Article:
Microsoft and Nokia, two companies that have not gotten much traction in the smartphone market lately, are hoping for another chance. The companies on Wednesday unveiled a Lumia smartphone that includes the Windows Phone operating system – new models of products that have not sold well.
At a news conference in New York, Nokia and Microsoft showed the Lumia 920, a smartphone that includes Nokia’s PureView camera technology and a wireless battery-charging capability. It also briefly introduced the Lumia 820, a mid-priced smartphone with exchangeable covers. The smartphones run Windows Phone 8, the latest version of Microsoft’s mobile software system.
“This is the most innovative smartphone in the world,” said Jo Harlow, Nokia’s executive vice president. She said the smartphone takes better pictures and video, especially in low light, than any other phone camera on the market, and that it would include access to Nokia’s mapping database, which provides maps for 200 countries.
Nokia, once the biggest phone-maker in the world, was dethroned by Samsung earlier this year. Based in Finland, Nokia has been trying hard to gain a foothold in the smartphone market with its Lumia line. It tried to make a big splash this year with the Lumia 900 on AT&T, which cost $100 with a two-year contract. Both AT&T and Nokia backed this phone with an enormous promotional campaign, but sales were still lackluster.
On Wednesday the company demonstrated a feature called City Lens, which allows people to point the Lumia camera at restaurants and other local businesses and see reviews overlaid on top of the image. It also showed the Fatboy, a pad that the phone can be placed on to charge its battery.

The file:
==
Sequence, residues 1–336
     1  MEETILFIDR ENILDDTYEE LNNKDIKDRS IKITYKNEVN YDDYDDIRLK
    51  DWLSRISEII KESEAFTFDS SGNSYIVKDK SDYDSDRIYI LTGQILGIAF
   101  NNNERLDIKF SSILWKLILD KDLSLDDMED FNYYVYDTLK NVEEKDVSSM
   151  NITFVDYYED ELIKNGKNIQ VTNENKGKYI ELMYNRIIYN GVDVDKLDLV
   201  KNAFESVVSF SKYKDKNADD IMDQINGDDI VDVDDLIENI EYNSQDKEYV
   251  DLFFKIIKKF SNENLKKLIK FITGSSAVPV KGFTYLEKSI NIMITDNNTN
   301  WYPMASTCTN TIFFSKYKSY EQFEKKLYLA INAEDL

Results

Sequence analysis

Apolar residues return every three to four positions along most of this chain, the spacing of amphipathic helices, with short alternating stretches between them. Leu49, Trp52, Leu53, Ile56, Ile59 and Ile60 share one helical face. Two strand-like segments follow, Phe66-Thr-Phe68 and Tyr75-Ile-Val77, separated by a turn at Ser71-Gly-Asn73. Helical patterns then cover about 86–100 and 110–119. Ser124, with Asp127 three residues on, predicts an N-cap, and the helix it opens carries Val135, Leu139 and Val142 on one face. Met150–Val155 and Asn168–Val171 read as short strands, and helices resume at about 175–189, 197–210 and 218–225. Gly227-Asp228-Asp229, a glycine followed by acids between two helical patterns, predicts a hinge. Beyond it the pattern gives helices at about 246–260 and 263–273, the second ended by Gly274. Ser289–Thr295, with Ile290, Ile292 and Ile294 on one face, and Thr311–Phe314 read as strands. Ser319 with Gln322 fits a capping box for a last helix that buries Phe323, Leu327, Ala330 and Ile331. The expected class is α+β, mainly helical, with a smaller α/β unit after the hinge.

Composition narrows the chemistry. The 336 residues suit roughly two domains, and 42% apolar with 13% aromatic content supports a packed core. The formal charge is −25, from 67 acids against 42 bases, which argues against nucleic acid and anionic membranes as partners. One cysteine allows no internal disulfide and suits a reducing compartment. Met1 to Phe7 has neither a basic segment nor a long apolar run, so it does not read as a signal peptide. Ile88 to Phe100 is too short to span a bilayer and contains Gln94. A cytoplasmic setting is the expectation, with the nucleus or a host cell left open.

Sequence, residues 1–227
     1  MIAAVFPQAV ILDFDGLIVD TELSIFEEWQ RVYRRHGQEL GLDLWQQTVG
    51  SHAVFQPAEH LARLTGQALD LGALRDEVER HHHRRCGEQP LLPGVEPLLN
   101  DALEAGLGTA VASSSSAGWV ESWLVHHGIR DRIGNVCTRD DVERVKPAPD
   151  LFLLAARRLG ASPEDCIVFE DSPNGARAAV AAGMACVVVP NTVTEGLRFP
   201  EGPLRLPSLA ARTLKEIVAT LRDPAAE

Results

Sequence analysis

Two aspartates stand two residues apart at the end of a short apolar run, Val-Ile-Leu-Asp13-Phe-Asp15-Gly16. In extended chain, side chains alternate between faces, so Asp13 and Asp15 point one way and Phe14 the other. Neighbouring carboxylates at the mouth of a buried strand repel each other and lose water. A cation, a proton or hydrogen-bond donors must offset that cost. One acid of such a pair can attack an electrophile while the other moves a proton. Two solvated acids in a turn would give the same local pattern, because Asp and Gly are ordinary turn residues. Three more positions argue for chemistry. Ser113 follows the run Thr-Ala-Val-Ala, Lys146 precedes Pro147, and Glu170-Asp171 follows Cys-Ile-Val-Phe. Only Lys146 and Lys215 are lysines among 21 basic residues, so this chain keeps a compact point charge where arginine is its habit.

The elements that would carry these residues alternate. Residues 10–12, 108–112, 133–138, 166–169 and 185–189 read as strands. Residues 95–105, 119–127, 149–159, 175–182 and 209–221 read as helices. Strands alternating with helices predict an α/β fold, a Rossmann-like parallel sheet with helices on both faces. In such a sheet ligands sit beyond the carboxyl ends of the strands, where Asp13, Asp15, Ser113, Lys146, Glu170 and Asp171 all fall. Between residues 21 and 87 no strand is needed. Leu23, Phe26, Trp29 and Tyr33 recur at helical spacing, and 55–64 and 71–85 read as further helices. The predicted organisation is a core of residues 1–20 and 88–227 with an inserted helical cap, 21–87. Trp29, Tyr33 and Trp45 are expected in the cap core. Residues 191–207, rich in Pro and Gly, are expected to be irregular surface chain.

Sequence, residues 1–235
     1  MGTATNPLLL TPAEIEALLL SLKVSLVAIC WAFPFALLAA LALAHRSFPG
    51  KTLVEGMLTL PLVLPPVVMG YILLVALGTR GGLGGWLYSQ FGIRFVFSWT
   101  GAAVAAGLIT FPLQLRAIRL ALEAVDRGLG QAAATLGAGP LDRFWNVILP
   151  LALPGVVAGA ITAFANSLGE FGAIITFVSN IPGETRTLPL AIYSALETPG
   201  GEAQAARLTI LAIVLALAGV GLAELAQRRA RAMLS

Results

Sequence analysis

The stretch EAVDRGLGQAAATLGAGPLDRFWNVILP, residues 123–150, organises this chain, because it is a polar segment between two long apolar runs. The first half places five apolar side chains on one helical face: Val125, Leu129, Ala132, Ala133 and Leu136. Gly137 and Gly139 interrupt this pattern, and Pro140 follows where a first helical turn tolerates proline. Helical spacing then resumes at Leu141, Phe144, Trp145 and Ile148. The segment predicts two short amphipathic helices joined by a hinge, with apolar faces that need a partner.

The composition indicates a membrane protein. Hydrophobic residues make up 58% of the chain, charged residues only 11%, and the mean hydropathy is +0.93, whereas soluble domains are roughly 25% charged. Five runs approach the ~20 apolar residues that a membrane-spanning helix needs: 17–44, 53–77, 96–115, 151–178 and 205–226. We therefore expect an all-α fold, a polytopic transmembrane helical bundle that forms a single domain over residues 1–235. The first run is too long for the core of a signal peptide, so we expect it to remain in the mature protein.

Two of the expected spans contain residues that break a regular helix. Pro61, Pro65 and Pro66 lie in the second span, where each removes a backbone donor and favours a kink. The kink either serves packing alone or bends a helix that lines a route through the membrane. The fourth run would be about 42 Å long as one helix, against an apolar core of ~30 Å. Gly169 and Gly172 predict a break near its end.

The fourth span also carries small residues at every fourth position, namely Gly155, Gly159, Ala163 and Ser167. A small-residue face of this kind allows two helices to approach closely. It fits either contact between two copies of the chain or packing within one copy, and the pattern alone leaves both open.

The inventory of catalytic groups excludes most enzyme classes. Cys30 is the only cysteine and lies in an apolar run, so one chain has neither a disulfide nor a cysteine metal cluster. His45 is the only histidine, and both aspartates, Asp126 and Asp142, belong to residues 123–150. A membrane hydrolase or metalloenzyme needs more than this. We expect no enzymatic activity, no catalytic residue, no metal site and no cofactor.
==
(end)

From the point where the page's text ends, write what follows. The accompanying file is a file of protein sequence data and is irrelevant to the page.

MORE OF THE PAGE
The companies did not disclose prices or release dates for either of the phones, but said they would arrive in some markets in the last three months of this year.
Investors seemed unhappy with the announcements. Nokia’s U.S. shares were down 11 percent in afternoon trading.
But analysts were optimistic that the Lumia 920 would grab the attention of phone buyers. Michael Gartenberg, an analyst with Gartner Research, said features like City Lens and PureView would help differentiate the smartphone from its pack of competitors. “No consumer will mistake these phones for other devices on the market,” he said.
But Gartenberg said this might not be enough to lure shoppers away from more popular phones, especially the iPhone and some of the big-selling Android-powered devices. Nokia, he said, “must show consumers that different is also better.”
Charles Golvin, an analyst at Forrester Research, said offering features like the ability to wirelessly charge the device would only help Nokia if the phone is cleverly marketed and priced competitively enough to convince consumers to open their wallets.